Published on June 26, 2017

Surgeons use tiny cameras to make surgeries a success

Almost any surgery by Dr. Ram will involve a camera.

Laparoscopic surgeryDr. Ram is the nickname of Prashanth Ramachandra, MD. He is the Mercy Bariatrics Clinical Director and Chair of the Surgery Department at Mercy Fitzgerald and Mercy Philadelphia. And there’s almost no surgery he and his team can’t perform laparoscopically.

Laparoscopic surgery is also called minimally invasive surgery. Rather than one big incision, the surgeon makes several small cuts. Through one cut he inserts a thin scope with a tiny camera attached to the end. He inserts small tools through the other cuts. Then he watches through the camera as he performs surgery with the tools.

“There are very, very few times when we can’t do a surgery laparoscopically,” Dr. Ramachandra says.

A faster recovery

That’s good news for patients. The tiny incisions used in this type of surgery mean less trauma and pain for the patient.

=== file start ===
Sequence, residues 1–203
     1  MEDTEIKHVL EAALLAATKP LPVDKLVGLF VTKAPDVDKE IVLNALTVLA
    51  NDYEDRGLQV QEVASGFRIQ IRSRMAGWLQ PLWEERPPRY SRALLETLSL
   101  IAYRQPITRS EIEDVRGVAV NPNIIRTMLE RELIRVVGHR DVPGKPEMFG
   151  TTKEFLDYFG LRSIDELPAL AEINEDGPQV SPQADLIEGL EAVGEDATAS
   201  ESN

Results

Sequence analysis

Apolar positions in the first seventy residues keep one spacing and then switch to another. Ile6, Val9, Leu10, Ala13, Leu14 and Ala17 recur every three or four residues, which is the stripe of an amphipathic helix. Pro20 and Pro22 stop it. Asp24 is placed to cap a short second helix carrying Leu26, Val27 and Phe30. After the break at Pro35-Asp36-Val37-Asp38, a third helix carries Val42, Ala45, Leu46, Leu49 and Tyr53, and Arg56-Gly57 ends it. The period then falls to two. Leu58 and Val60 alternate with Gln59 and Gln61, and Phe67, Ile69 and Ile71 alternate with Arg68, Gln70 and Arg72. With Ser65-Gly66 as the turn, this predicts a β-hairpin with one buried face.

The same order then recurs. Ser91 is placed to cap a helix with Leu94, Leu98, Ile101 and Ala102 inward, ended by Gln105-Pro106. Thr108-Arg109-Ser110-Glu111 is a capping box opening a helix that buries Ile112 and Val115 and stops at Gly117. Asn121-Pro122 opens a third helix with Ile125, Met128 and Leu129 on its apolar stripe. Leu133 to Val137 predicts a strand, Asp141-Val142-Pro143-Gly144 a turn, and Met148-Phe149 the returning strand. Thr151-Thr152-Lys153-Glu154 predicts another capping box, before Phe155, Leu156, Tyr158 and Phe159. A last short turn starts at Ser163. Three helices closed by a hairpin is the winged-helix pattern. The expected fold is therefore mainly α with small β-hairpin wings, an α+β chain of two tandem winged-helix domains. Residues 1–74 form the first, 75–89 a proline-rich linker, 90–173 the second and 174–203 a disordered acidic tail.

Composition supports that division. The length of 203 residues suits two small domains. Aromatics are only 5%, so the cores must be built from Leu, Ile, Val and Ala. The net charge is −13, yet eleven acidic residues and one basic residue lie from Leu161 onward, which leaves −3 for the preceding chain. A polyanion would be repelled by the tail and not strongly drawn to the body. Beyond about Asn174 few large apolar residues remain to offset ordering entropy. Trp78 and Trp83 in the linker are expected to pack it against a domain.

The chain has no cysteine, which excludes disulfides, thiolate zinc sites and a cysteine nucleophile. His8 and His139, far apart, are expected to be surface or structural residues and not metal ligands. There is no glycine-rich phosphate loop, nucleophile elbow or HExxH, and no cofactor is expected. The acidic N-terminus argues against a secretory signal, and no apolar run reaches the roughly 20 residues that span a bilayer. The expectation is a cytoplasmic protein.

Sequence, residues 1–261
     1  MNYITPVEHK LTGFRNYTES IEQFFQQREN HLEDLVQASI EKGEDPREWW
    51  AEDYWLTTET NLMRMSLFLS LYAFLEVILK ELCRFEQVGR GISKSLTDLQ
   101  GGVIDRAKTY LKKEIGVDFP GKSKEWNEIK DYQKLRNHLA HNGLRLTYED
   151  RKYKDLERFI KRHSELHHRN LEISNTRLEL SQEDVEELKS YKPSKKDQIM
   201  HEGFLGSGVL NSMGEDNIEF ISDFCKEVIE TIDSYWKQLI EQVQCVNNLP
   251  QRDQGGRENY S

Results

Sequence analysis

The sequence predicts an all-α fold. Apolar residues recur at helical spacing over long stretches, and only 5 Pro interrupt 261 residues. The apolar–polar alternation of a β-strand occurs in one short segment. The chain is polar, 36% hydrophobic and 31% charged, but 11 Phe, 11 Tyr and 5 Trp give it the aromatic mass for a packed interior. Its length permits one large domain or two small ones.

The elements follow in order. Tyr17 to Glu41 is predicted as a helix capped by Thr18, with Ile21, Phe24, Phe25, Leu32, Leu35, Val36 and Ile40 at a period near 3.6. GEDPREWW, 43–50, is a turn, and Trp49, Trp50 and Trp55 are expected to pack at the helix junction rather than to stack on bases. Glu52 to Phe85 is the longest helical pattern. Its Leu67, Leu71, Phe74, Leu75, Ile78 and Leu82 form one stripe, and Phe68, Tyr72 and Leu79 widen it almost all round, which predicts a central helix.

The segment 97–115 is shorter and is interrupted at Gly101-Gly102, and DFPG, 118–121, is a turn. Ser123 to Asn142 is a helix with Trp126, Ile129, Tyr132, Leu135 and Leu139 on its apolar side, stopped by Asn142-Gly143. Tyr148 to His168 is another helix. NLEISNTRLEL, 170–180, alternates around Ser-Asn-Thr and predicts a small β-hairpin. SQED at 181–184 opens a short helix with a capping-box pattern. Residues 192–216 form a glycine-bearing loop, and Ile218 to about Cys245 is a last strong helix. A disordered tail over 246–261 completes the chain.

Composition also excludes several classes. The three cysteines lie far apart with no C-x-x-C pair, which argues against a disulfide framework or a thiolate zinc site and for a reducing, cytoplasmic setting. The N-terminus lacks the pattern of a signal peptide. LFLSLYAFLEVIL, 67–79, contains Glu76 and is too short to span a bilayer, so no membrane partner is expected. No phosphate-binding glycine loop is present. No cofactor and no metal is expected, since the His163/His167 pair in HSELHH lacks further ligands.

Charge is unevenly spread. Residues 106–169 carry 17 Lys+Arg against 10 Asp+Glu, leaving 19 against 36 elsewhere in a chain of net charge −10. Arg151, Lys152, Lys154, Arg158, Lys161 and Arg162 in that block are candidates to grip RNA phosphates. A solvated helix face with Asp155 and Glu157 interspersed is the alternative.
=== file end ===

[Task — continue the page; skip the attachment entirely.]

“The patient spends fewer days in the hospital and gets back to work and other activities much more quickly,” Dr. Ramachandra says.

The most common surgeries done this way include gallbladder removals and hernia repairs. But Dr. Ramachandra and his team also do many complex surgeries using small incisions and a camera.

“We do a lot of surgeries laparoscopically that are generally not done that way at other hospitals, such as liver and major cancer resections,” he says. “We definitely have a lot of experience. And our patients do very well. We have very few complications.”

Has your doctor suggested you have laparoscopic surgery?

If so, you probably have a lot of questions. Below are some you should ask your surgeon, according to Prashanth Ramachandra, MD, the Mercy Bariatrics Clinical Director and Chair of the Surgery Department at Mercy Fitzgerald and Mercy Philadelphia.

  1. How many surgeries do you perform laparoscopically?
  2. How many complex laparoscopic procedures do you do per month? Dr. Ramachandra says a good number is “at least 20 to 25 a month.”
  3. How often do you begin a surgery laparoscopically but then convert to traditional surgery? This is called a conversion rate. It should be a low number.
  4. How often have you done this specific surgery? “There are some surgeries that aren’t done very often simply because the disease is rare,” Dr. Ramachandra says. “For example, gastric cancer is rare. So surgery for gastric cancer is not common. But if the surgeon is doing a large number of advanced laparoscopic surgeries, he or she can handle the rarer surgeries with ease.”